Behind The Barcelona Chaos
By Ben Hayward
Don’t mix politics and sport. It is a phrase that is often mentioned in Spain.
In Barcelona’s case, however, it is impossible to separate the two and events on Sunday showed that the Catalan club will always be about more than only football.
Brutal violence by the Spanish police in Catalunya left over 800 people injured as officials used extreme force to try to prevent citizens from voting in an independence ballot which was considered illegal by the Madrid government.
And football was at the centre of the story as Barcelona held an emergency board meeting to decide whether to play their La Liga fixture at home to Las Palmas at Camp Nou in the afternoon.
Barca decided to postpone the match, but were told by Spain’s Professional Football League (LFP) that they would lose six points - three for forfeiting the game and another three as punishment for refusal to play - if it did not go ahead.
Many of the players were keen to avoid that scenario and Barca therefore took the decision to play behind closed doors. Safety was used as the excuse, but really it was a political gesture by the Catalan club and one which brought criticism from some sectors of the media and also fans waiting outside on the streets around the stadium.
Images of Lionel Messi et al in an empty Camp Nou were seen all around the world and on television, with the match broadcast in 178 countries. That, Barca decided, would give much more exposure to the Catalan cause.
Barca have not come out in favour of Catalan independence, but the club has supported citizens’ right to a vote for self-determination and that has caused some supporters outside of Catalunya to feel disconnected.
But it is nothing new. “Barcelona are a highly political club,” Arsenal boss Arsene Wenger said on Sunday. And he is right. The team’s ‘Mes que un club’ motto is evidence of that.
Catalans have long considered themselves different from the rest of Spain and calls for independence from a sector of the society go way back centuries. All the way to 1714, in fact, when the nation lost its status as a principality and a political power in defeat to the Spanish forces in the Siege of Barcelona.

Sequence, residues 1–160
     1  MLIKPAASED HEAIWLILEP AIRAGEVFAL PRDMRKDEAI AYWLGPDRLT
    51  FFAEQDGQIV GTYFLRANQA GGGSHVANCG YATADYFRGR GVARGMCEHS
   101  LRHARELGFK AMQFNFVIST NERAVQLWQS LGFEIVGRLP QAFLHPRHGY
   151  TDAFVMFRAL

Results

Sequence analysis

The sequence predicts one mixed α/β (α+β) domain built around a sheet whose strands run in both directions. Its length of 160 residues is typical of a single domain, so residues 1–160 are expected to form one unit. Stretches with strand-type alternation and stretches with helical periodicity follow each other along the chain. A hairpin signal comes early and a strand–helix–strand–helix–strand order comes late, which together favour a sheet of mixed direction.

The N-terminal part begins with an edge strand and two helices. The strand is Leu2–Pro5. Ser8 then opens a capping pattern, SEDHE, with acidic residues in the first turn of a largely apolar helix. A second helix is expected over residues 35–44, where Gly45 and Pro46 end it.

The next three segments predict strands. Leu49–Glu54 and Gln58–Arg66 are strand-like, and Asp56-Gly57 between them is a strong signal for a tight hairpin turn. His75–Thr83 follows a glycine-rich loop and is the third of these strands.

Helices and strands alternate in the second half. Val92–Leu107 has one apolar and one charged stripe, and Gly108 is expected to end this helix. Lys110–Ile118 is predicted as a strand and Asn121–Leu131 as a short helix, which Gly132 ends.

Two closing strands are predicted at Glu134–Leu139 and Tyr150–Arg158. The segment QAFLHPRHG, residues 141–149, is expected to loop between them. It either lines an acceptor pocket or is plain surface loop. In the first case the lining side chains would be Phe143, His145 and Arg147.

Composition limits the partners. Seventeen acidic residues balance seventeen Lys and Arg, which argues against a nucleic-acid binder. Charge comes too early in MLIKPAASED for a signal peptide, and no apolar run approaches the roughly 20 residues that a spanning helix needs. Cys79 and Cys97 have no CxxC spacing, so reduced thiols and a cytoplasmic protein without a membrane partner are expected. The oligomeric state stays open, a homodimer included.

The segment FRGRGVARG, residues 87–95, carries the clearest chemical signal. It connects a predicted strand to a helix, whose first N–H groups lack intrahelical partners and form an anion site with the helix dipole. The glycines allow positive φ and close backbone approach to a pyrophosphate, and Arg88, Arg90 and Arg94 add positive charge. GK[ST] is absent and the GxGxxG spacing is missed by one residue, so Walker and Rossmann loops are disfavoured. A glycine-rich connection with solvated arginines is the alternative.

Later, during the dictatorship of Francisco Franco, the Catalan language was banned. So too were their ‘Senyera’ flags. And one of the only places where Catalans could really express themselves without fear of arrest was watching Barca games at Camp Nou.
Following Franco’s death in 1975, Catalans were brutally beaten in the streets by police during the transition to democracy and over 40 years on, those terrible images were echoed on Sunday.
“In the Franco era, we couldn’t defend our ideas,” Barca defender Gerard Pique said on Sunday as he fought off the tears in the mixed zone after Barca’s 3-0 win over Las Palmas.
“I am and I feel Catalan. I’m proud of the people and their behaviour,” he added. “There was no aggression [from the Catalan people], but the Police and the Guardia Civil have come here and acted as they have.
"They [Spain’s ruling Partido Popular government] have made the people of Spain believe that the Catalans are the bad guys. But it's not like that. We just want to vote."
And in the end, they did vote, Pique included. The results were posted late on Sunday by the Catalan government, with over 90 per cent in favour of independence. Now, the process towards an independent Catalunya is set to continue - and the Blaugrana are sure to be a part of that.
Barcelona have long been seen as a de facto national team for Catalunya by many and it is impossible for the club to stay out of the political arena.
The Camp Nou is more than a football forum and it is a place where pro-independence fans have voiced their support for secession from Spain in recent years, chanting “indepèndencia” in the 17th minute of every home match to mark the 1714 battle.
Football still comes first, of course, but whatever the motives of the Barcelona board, and those change depending on the president at the time, sport and politics will always be inextricably linked at Camp Nou. That is why Barca are ‘more than a club’. They always have been and they always will be.